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Blanched vegetable manufacturing app
Blanched vegetable manufacturing
Blanching is an extremely simple technique wherein vegetables are briefly submerged in boiling water then, once they have reached the desired level of done-ness, plunged into an ice bath to stop the cooking process. Blanching sets the color and texture of the vegetable, keeping it from sagging out or turning dull.
Blanching (scalding vegetables in boiling water or steam for a short time) is a must for almost all vegetables to be frozen. It stops enzyme actions which can cause loss of flavor, color and texture. ... It also wilts or softens vegetables and makes them easier to pack. Blanching is defined as the enzyme (heat resistant) deactivation phenomena, which helps in retaining color, reduction in initial microbial growth, cleansing the product, product preheating prior to processing, and gas exhausting from plant tissue, and helps to release carotenoids, thus enhancing their bioavailability and extractability.
Blanching is a cooking process in which a food, usually a vegetable or fruit, is scalded in boiling water, removed after a brief, timed interval, and finally plunged into iced water or placed under cold running water (shocking or refreshing) to halt the cooking process. Blanching foods helps reduce quality loss over time. People often use blanching as a treatment prior to freezing, drying, or canning—heating vegetables or fruits to inactivate enzymes, modify texture, remove the peel, and wilt tissue. Blanching is also utilized to preserve color, flavor, and nutritional value. The process has three stages: preheating, blanching, and cooling. The most common blanching methods for vegetables/fruits are hot water and steam, while cooling is either done using cold water or cool air. Other benefits of blanching include removing pesticide residues and decreasing microbial load. Drawbacks to the blanching process can include leaching of water-soluble and heat sensitive nutrients and the production of effluent.
Blanching is a process used in the home kitchen as well as used as a pre-treatment in the food industry. In both cases, its main purpose is to inactivate enzymes that cause browning as well as textural changes and off-flavors. Enzymes that cause deterioration in fruits and vegetables include lipoxygenase, polyphenoloxidase, polygalacturonase, and chlorophyllase. Catalase and peroxidase are commonly used to determine blanching success, since they are the most thermal-resistant enzymes of concern. These enzymes are responsible for the loss of flavor, color, texture and nutritional qualities during product storage.
Blanching preserves the flavors found in fruits and vegetables by inactivating enzymes responsible for off-flavor development. The most common enzyme responsible for off-flavors is lipoxygenase (LOX), found in several vegetables.
The blanching process expels air trapped inside plant tissues, which is a vital step before canning. Blanching prevents the expansion of air during processing, which reduces strain on the containers and the risk of cans having faulty seams. Moreover, removing gas from foods like pears results in better texture and reduces oxidation of the product. Also, the intercellular gases removed results in better color retention.
Fruits, vegetable, and nut peeling are also important in food processing. When almonds or pistachios are blanched, the skin of the nut (botanically the seed coat surrounding the embryo) softens and can be easily removed later. Steam peeling produces less environmental pollution and peeling losses, as compared to chemical or manual peeling processes.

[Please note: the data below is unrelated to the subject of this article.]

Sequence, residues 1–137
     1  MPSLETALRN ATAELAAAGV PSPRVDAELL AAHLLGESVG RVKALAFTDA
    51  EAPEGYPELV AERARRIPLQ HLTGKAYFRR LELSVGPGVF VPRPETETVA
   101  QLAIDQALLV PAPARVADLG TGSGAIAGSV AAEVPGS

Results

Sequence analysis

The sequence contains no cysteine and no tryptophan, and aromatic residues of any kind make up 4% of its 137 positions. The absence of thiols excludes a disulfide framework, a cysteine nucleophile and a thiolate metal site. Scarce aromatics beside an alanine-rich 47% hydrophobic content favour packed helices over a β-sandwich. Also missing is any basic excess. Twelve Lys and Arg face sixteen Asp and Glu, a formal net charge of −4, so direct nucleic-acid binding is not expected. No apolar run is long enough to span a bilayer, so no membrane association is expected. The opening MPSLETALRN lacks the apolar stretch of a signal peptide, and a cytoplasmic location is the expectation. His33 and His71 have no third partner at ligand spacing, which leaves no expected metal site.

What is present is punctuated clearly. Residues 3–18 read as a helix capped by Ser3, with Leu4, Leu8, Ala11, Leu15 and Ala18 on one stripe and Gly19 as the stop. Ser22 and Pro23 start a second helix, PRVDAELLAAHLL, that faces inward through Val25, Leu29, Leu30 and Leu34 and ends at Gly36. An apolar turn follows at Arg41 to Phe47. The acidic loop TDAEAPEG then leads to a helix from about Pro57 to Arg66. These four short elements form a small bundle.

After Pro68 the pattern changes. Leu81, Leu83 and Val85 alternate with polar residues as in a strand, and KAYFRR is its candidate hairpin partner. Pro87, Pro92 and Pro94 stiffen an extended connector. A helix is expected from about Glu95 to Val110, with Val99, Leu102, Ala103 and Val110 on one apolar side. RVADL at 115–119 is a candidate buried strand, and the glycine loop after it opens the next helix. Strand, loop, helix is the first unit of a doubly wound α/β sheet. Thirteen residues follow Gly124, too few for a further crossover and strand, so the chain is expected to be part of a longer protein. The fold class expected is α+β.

Other uses of blanching are enhancing drying rate and product quality, decreasing microbial load, removing pesticide and toxic residues, increasing extraction of bioactive compounds, surface cleaning, removing damaged seeds or foreign materials, killing parasites and their eggs, and reducing oil uptake.
Traditionally, blanching is done using either a water bath or saturated steam. In both methods, the food is heated for a short period of time and then introduced into either cold water or cold air to quickly stop the heating process. At the industrial level, foods move on a continuous conveyor belt through preheating, holding, and cooling. For hot water blanching, vegetables are immersed under pre-warmed water (70 to 100 °C) for varying amounts of time, depending on type and quantity. When the product is heated by water, greater uniformity of heating is achieved, especially when compared to hot air. This advantage allows hot water blanching at lower temperatures, but requires longer blanching times. Water is heated and cooled using heat exchangers and recirculated for continuous use, reducing costs.
Steam blanching systems inject hot air (~100 °C) onto food as it passes through the blanching system on a conveyor belt. This method greatly reduces the leaching of water-soluble compounds from the product and is the preferred technique for smaller foods and those with cut surfaces. Steam blanching is more energy-efficient, and the ability for quick heating allows for shorter processing times. This reduced heat exposure preserves color, flavor, and overall quality of the food; however, evaporation may occur leading to lower masses and product yields.
Directly following the heat treatment, vegetables/fruits are quickly chilled by cold water. A common alternative to cooling with cold water is cooling with cold air. This method of cooling prevents the leaching of water-soluble nutrients; however, the air causes evaporation and lowers the mass of the vegetable—a monetary disadvantage for industry.
Emerging technologies include ohmic, infrared, microwave, and radio frequency blanching.
Blanching time and temperature